By Rabbi Emma Gottlieb
A few weeks ago, as we read again from the beginning of the Torah, I found myself noticing something in a new way (this is why we read the Torah anew each year!).
In the narrative of Adam and Chavah, I found myself drawn to the word ervah, in the verse that states (3:7), “And the eyes of them both were opened, and they knew that they were ervah; so they sewed fig-leaves together, and girded themselves.” Most English versions of Torah translate ervah, as ‘naked’. The humans saw they were naked, and rushed to cover themselves. The more I thought about it, the more unfortunate this translation seemed. The rush to cover up their nudity implies shame — certainly all Judeo-Christian religions at some point have taught (or still do) that nakedness is shameful; that bodies are inherently sexual; that we are responsible to cover ourselves up to help ensure that others can control their focus and their sexual urges. How many thousands of years of shame have we carried because of this translation? How many humans have been harmed by these ideas over the ages?
And then I wondered, what if, instead of ‘naked’, we had been given the translation of ‘vulnerable’ (i.e. then their eyes were opened, they saw how they were vulnerable, and rushed to make protective clothing)? After all, when Adam and Chavah eat from the Tree of Knowledge of Good and Evil, they become aware, first and foremost, of their mortality, and of their human agency — their ability to make choices with inherent consequences. Both ideas carry a sense of vulnerability. The awareness that we cannot change the fact of our mortality, and that we may err and suffer the consequences of our actions, or — even worse — the consequences of another’s actions, leaves us vulnerable. Awareness of our own humanity comes with awareness of our limitations. Adam and Chavah’s eyes are opened to this knowledge and so they rush to try to cover themselves protectively — not because they are ashamed, but because they are suddenly aware of all the dangers around them (the burning sun, the cold night, poisonous plants, stinging insects, etc).
Rabbi David Wolpe, also looking for an alternate translation, brings forward the idea from Midrash that the humans realise that they are ‘naked of mitzvot’ — seeing that without guidance, they will not know how to properly conduct themselves in this new reality where they are suddenly aware of their own free-will. Wolpe explains how we often try to cover ourselves with possessions, titles, connections and refinements to help us feel safe. “We fear being naked, not in the physical sense, but in the metaphysical sense… But the Midrash insists that to be naked is not to be stripped of possessions, or attachments; it is to be stripped of good deeds. One who is cloaked by righteousness is not naked… To be without goodness is to be truly exposed, with mitzvot one need not feel unprotected or afraid.”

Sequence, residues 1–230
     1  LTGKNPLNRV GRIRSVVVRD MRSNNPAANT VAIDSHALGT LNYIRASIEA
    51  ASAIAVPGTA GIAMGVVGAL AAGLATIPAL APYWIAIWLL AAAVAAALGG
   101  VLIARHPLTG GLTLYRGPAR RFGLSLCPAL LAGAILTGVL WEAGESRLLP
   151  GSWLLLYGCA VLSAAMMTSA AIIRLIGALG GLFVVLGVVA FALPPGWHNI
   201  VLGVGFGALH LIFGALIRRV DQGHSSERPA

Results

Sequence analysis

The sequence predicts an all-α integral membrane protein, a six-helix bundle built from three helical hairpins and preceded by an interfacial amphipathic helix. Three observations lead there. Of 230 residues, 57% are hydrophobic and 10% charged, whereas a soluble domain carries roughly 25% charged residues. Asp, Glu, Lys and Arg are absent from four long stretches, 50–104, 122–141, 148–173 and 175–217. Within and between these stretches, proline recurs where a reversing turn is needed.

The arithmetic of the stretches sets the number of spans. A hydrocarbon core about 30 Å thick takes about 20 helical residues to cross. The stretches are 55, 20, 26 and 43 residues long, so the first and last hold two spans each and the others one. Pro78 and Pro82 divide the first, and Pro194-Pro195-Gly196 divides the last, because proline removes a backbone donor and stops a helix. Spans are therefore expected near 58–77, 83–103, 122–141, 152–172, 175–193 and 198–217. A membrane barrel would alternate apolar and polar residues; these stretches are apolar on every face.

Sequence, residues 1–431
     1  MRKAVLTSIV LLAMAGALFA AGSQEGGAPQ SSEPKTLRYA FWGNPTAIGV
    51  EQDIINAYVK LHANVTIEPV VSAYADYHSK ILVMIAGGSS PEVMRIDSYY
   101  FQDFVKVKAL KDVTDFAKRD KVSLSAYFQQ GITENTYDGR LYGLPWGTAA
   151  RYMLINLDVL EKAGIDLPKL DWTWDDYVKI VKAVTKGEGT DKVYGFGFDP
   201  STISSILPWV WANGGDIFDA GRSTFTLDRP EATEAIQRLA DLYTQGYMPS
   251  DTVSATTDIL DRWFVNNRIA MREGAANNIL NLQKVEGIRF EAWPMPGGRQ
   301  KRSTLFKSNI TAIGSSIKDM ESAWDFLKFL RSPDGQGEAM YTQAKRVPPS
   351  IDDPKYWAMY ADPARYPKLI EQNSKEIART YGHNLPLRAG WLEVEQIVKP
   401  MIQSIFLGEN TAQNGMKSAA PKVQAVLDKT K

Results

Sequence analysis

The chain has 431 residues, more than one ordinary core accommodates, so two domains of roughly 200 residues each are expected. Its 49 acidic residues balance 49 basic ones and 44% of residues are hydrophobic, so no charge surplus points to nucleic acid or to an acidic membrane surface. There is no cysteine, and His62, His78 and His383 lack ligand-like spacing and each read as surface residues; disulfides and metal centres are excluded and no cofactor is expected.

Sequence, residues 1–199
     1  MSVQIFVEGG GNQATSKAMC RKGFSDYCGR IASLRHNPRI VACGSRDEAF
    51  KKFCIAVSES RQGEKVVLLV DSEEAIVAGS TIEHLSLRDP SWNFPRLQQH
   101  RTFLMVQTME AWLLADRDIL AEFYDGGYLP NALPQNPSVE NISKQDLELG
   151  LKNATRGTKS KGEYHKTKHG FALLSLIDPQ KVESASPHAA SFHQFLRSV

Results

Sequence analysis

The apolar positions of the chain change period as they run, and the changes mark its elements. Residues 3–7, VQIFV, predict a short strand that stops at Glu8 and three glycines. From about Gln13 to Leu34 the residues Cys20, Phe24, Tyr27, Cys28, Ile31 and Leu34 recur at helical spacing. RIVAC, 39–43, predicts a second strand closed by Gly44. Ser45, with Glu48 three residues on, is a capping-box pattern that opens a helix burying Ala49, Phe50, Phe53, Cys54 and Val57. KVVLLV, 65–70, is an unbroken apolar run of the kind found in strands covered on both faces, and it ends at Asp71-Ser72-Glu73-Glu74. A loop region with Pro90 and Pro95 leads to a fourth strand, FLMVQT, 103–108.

Whether we lean in to the traditional explanation of ervah, or look to other understandings, the same underlying ideas are there — the humans feel exposed, not because there is anything wrong with being unclothed — not because there is any-thing shameful about their naked bodies — but because the world is full of dangers, of temptations, and of that which we cannot control. When we use our creative abilities to make that which can protect us (which is one of the ways that we understand the concept of being created betzelem Elohim, in God’s image — having a measure of God’s creative abilities), and when we turn to Torah to guide us in making good choices — we find that we are far less vulnerable, less exposed, less naked. We can move forward with confidence, in faith, on the path that God has revealed. We won’t avoid danger — we won’t evade mortality — but perhaps we will spend less time feeling ashamed of ourselves and our limitations. If we feel proud of how we use our creative energy and proud of how we conduct ourselves — we will have far less to fear when we are called to return to the Garden.
Temple Israel www.templeisrael.co.za
• Published in the December 2022/January 2023 Digital Edition – Click here to read it.
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